Photos are 12MP. You can choose the level of processing you want, or even shoot RAW. Shutter speed is manually controllable if you really want to get deep into the settings.
There are also “Protune” settings, even for video. Again, you can control the shutter speed (within the limits of the frame rate, of course) and adjust the level of processing. Just as importantly, you can have the GoPro Hero 7 Black record the audio to a separate WAV file, again with different levels of processing. All that stuff’s great for professional work.
There are plenty of other features. For example, voice control, video looping, GPS tagging and live streaming via Wi-Fi. The GoPro app allows you to control the camera and see what it’s seeing.
I mounted the GoPro Hero 7 Black on the head tube of my bike using the frame clamp from my mount kit. Then I started it recording and went for a few rides. Well, if you have resolutions of up to 2160p60 available, why not use them?
The unit recorded up to 3.73GB per file, automatically switching to a new file at that point. The sequential numbering was weird. The files were numbered GX0[S]000[N].MP4, where [N] was the number of the session, and [S] was the sequence of the file within the session. So standard alphabetical/numerical sorting on your computer, and most other devices, will result in all the first segments being played, followed by the second segments and so on. It’s probably best to get the files off the card and into thoughtfully named folders on your computer quickly while you remember what’s what.
For 2160p video, the GoPro Hero 7 Black uses the H.265 codec, otherwise known as HEVC. That’s the format used on UltraHD Blu-ray and its more efficient that the H.264 that the device uses for lower resolutions.
I watched the resulting footage on my computer, and while sharp and clear, there were occasional odd artefacts in the video. But my monitor isn’t a full UltraHD monitor, so I watched it on my 65-inch LG OLED TV instead. That produced a very different result: smooth, detailed, unbelievable sharpness.
The auto-exposure of the camera was nicely judged. At one point I was passing through a tunnel under a road and the bright exit washed out the picture briefly. But the camera clamped down smoothly and brought everything back to the correct brightness. If I’m going to get super picky, at one point the bitumen bike path looked as though it had some slightly laggy patches. Or perhaps it was just posterised. The camera supports HDR, but that’s camera-style HDR. It doesn’t give more bits to play with, so colour and brightness are defined on an eight-bit scale. That can lead to darker elements being crushed into a small range of colours. Posterisation gives a kind of paint-areas-by-the-numbers look.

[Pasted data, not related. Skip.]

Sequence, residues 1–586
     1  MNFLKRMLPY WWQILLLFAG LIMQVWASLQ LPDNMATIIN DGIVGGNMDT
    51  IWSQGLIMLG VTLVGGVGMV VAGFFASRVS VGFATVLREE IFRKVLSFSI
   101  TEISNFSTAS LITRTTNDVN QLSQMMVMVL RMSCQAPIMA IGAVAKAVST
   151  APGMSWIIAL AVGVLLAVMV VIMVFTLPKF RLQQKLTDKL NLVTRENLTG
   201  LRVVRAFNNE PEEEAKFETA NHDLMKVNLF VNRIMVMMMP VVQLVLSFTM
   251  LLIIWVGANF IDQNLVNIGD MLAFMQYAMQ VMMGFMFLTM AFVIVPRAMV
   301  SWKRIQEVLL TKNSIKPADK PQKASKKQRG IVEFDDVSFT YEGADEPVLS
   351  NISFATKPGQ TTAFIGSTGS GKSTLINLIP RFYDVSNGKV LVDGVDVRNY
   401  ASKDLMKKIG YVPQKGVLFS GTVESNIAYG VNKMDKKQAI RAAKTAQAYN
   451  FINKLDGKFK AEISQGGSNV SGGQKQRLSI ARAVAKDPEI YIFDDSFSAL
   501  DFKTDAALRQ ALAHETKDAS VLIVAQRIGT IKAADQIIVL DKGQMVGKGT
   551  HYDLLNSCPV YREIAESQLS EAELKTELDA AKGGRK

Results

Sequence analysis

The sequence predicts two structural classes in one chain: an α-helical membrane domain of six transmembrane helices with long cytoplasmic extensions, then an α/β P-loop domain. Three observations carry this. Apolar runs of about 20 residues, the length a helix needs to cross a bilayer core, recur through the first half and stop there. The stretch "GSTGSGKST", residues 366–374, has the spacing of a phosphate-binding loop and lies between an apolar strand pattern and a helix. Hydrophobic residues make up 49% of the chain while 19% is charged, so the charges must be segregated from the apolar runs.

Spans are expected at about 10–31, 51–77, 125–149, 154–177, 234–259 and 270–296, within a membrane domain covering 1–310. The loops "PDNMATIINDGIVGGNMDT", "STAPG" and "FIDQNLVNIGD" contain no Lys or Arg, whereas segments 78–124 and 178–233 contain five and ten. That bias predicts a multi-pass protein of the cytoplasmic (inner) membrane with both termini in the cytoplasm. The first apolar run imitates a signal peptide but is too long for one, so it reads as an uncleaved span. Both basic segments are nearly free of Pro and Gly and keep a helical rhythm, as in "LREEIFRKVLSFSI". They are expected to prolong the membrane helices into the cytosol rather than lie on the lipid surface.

H.265, like H.264, compresses across time as well as spatially, so that can lead to elements within a video losing timing with the rest of the image. Rewatching the segment, though, I came to the view that it was in only one specific part where the daylight was illuminating the path at a particular angle. The appearance of lag seemed to really be colour and brightness level-jumping through those eight bits rather than timing lags.
The only other visible defect was a brief moment of aliasing on a road grate.
Those were the only two moments of imperfection I could see in around twenty minutes of video. That video, incidentally, seemed to run at between 50 and 70Mbps. The colour space used was BT.709, the same as Blu-ray. The embedded audio was stereo AAC with 48kHz sampling.
Now there’s one other thing I must note about the video. Golly, talk about smooth. GoPro calls its “HyperSmooth” process “Insanely smooth”. I can’t disagree. My bike is an old racing-style road bike. It has thin tyres which are pumped up to high pressure. There are no concessions to comfort. The audio is accompanied by the sound of the bike’s aluminium stand frequently shaking hard against its spring as I go over bumps. My journey took me over surfaces with plenty of medium sized bumps, cracks between segments of concrete paths, and sections of very roughly finished bitumen.
And throughout the image looked steady. Even in the slow, uphill bits where the bike was leaning from side to side in sympathy with my pedalling, the camera maintained a steady horizon. It was the handlebars, caught at the edges of the picture, jumping and writhing from the vibrations and course corrections.
It really was a remarkable performance.
The GoPro Hero 7 has a mini-HDMI output and a USB Type-C socket. The latter is for charging and for file transfer.
So, how fast was the USB Type-C connection? When I had three video clips amounting to 4.91GB in size – that 4K stuff chews up data fast! – I copied it to the SSD in Surface Pro 2017 via a USB 3.0-rated cable. It took 1 minute and 23 seconds to transfer the data. That works out to over 60 megabytes per second. I can get 90MB/s using my fast card reader, but it hardly seemed worth the bother of popping out the card for a fifty per cent speed increase.
Clearly GoPro hasn’t been merely resting on its reputation. With the GoPro Hero 7 Black, it’s working hard to keep itself at the top of the class. And it’s managing it.